But the other category of failure exposed by the coronavirus pandemic will prove more difficult to remedy: the red tape that gets in the way of an efficient response. The state must play a big part in pandemic response, yet it has also been a big part of the problem.
The most glaring, consequential example concerns testing for the coronavirus. As is well known, the original test developed by the Centers for Disease Control and Prevention didn’t work. Compounding the problem, bureaucracy got in the way of scientists who were on a better track. In January, a virology lab at the University of Washington developed its own test. But after Azar “declared a public-health emergency, on February 4th, a new regulatory regime took effect,” Robert P. Baird reported in The New Yorker. “From that point on, any lab that wanted to conduct its own tests for the new coronavirus would first need to secure something called an Emergency Use Authorization from the F.D.A.” Even after clearing needless bureaucratic hurdles, the lab was barred from conducting clinical coronavirus tests and from reporting results to doctors who ordered tests for patients.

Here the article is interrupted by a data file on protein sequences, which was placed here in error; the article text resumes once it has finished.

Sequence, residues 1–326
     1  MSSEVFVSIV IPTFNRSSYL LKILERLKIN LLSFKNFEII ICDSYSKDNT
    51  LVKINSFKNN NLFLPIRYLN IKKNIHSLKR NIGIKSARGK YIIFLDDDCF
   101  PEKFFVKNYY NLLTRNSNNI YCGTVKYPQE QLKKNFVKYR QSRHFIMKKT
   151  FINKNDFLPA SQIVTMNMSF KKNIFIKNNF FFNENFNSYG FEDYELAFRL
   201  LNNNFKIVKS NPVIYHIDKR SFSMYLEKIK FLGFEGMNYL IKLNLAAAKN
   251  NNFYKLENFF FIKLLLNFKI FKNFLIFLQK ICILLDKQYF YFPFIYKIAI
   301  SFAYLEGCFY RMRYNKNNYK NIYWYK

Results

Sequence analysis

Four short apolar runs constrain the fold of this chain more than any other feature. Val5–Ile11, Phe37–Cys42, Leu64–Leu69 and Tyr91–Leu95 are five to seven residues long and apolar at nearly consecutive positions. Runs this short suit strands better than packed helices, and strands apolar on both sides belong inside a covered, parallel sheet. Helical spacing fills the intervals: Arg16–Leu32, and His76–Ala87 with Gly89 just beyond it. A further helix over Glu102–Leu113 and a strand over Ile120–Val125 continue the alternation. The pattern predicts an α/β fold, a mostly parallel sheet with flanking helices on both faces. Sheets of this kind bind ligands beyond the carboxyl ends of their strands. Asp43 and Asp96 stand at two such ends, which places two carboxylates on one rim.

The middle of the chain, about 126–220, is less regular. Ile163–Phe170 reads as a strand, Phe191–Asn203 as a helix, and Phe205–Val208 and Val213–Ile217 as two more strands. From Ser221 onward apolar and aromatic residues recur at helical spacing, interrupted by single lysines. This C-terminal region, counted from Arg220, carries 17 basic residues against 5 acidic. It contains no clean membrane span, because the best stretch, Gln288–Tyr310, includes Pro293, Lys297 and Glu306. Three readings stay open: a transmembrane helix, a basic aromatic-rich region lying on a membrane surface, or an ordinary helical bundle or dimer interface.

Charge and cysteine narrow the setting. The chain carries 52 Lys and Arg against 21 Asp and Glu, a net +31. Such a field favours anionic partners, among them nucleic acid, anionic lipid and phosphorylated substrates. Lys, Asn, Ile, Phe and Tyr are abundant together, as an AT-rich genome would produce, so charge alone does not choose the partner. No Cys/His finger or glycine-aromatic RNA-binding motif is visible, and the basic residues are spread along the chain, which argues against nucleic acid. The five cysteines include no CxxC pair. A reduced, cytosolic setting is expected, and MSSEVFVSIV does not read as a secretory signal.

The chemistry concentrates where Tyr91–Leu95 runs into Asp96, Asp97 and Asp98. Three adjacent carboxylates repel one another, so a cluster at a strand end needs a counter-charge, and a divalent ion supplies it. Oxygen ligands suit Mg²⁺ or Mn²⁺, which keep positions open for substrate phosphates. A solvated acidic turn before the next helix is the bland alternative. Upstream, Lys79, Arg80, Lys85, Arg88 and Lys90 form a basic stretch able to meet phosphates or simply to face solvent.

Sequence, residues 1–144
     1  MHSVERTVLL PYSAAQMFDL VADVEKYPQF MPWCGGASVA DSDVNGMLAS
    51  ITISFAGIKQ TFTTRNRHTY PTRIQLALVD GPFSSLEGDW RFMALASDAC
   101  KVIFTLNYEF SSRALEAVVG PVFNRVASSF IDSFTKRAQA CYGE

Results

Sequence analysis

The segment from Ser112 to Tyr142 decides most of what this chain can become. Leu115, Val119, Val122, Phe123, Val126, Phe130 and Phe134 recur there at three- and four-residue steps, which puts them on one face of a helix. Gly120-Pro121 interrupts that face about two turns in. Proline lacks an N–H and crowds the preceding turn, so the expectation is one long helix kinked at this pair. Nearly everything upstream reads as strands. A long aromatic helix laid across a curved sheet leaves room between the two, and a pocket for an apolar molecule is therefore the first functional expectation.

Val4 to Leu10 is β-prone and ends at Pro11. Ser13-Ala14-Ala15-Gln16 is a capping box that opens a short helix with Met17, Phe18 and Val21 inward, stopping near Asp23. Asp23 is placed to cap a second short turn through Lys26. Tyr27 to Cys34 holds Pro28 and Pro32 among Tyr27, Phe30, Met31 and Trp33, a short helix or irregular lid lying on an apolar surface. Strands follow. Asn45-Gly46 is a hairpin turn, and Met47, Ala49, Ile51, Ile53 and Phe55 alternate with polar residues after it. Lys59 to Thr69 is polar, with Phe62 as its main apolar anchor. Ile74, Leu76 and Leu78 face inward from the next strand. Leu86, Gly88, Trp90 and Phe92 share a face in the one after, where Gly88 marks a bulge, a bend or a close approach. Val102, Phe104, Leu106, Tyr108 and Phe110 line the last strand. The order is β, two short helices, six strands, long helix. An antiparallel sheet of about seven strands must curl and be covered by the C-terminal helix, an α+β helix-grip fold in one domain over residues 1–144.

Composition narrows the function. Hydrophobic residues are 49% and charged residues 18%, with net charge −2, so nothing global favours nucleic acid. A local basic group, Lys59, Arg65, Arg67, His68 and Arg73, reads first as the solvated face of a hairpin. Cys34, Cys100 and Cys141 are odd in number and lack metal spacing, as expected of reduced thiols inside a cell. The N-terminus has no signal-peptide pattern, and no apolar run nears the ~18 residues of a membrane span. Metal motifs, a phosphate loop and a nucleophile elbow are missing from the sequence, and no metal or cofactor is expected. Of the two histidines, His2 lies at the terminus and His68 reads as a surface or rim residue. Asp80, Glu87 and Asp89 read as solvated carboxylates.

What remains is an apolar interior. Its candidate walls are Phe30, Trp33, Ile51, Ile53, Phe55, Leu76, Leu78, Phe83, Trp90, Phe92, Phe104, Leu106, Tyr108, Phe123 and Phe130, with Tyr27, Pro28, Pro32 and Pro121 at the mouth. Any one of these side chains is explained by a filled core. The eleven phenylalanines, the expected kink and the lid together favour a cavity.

Other, less extreme examples are easy to find. An entrepreneur struggling to ramp up production of N95 masks reports that new entrants to such manufacturing face a thicket of requirements that are time-consuming and over-the-top. Jeremy Samuel Faust, a Harvard Medical School instructor and emergency-room physician, warns in The Washington Post that state governments need to lift medical-malpractice standards, because they will interfere with doctors’ ability to treat critically ill patients in extreme circumstances. “The change need not, and should not, be permanent,” he says. “A three-month suspension would be enough. But we need to make this change immediately.”